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UBS, FINRA, and Naked Short Selling: “Duration, Scope and Volume of The Trading Created a Potential for Harm to The Integrity of The Market.”

Posted by Larry Doyle on February 25, 2013 9:27 AM |

Last summer I tagged Wall Street’s industry funded police at FINRA as being little more than meter maids. With a recent review of FINRA’s largest fine imposed in its history, I now realize that I have actually done a serious disservice to those diligent and hard working meter maids patrolling our cities and towns. How so?

Let’s navigate and look more deeply into FINRA’s $12 million fine imposed on those paragons of virtue who ran Union Bank of Switzerland’s equity operations.

What did UBS do to deserve FINRA’s “largest” fine? 

As highlighted last summer by Securities Technology Monitor:

UBS SECURITIES LLC – $12,000,000

The firm mismarked millions of sale orders in its trading systems at various times. Extrapolating from the quantified violations indicated that the firm likely mismarked tens of millions of sale orders during the Relevant Period. Many of these mismarked orders were short sales that were mismarked as “long,” resulting in additional significant violations of Reg SHO’s locate requirement.

What exactly is Reg SHO? From the very agreement between FINRA and UBS, we learn a wealth of information including:

Reg SHO requires a broker-dealer to have reasonable grounds to believe the security can be borrowed so that it can be delivered in time for settlement before effecting a short sale in that security. Identifying a source from which to borrow such security is generally referred to as obtaining a “locate.” Reg SHO requires that the “locate” must be obtained and documented prior to effecting the short sale.

When was Reg SHO enacted?

On July 28, 2004, the Securities and Exchange Commission (the “SEC”) adopted 17 CFR Part 242 (“Reg SHO”) under the Securities Exchange Act of 1934 (“Exchange Act”), effective September 7, 2004, with a compliance date of January 3, 2005.

When did UBS fall into line and decide that it might want to comply with Reg SHO?

It was not until at least 2009 that the Firm’s supervisory framework over its equities trading business was reasonably designed to achieve compliance with the requirements of Reg SHO and the other securities laws, rules and regulations described herein.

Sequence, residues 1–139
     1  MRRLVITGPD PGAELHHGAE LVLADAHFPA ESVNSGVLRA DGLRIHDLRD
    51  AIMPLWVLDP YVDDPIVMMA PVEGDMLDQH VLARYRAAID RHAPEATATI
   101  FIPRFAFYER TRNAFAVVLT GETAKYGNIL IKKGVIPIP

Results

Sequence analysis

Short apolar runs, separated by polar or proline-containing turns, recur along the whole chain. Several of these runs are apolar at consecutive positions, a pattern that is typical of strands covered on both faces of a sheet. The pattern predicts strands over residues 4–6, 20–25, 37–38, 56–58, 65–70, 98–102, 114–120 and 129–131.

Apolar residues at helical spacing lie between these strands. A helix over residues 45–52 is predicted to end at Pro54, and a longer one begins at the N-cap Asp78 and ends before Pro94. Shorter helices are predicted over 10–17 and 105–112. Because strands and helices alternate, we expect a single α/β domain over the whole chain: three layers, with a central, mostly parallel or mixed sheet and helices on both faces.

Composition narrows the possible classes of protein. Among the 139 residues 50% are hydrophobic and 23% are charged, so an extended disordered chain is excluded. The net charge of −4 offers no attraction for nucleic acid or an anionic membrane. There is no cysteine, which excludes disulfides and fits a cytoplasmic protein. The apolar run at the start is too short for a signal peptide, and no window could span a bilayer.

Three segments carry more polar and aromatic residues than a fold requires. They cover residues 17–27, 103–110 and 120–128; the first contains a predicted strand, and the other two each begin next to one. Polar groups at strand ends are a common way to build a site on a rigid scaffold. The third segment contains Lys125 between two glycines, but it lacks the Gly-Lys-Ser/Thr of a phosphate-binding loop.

As set forth below, the Firm failed to comply with certain requirements of Reg SHO, FlNRA Rules, NASD Rules and federal securities laws during the period covering, in whole or in part, January 3, 2005 through March 2010, with several violations continuing through December 31,2010 (the “Relevant Period”).

There you go. Five plus years before the crowd at UBS decides to play by the rules. One only wonders what the “meter maids” were doing during this period to see that the rules were being enforced. Lots of coffee and donuts, perhaps? Maybe a few crossword puzzles, bridge perhaps, or working on the summer outing?

How egregiously did UBS fail to comply with Reg SHO?

In particular, UBS’s supervisory and compliance monitoring flaws included a failure to: (1) establish and maintain a supervisory structure that was sufficient to adequately supervise its compliance with Reg SHO, especially in light of the complexity of its equities trading activities; (2) establish, maintain and enforce written supervisory procedures for each of its trading desks that were reasonably designed to achieve compliance with Reg SHO, (3) develop and implement effective supervisory reports to monitor for compliance with Reg SHO; (4) establish adequate information technology implementation and change control procedures relating to Reg SHO; (5) adequately educate and train certain personnel with regard to compliance with Reg SHO; and (6) establish an adequate Reg SHO compliance monitoring program.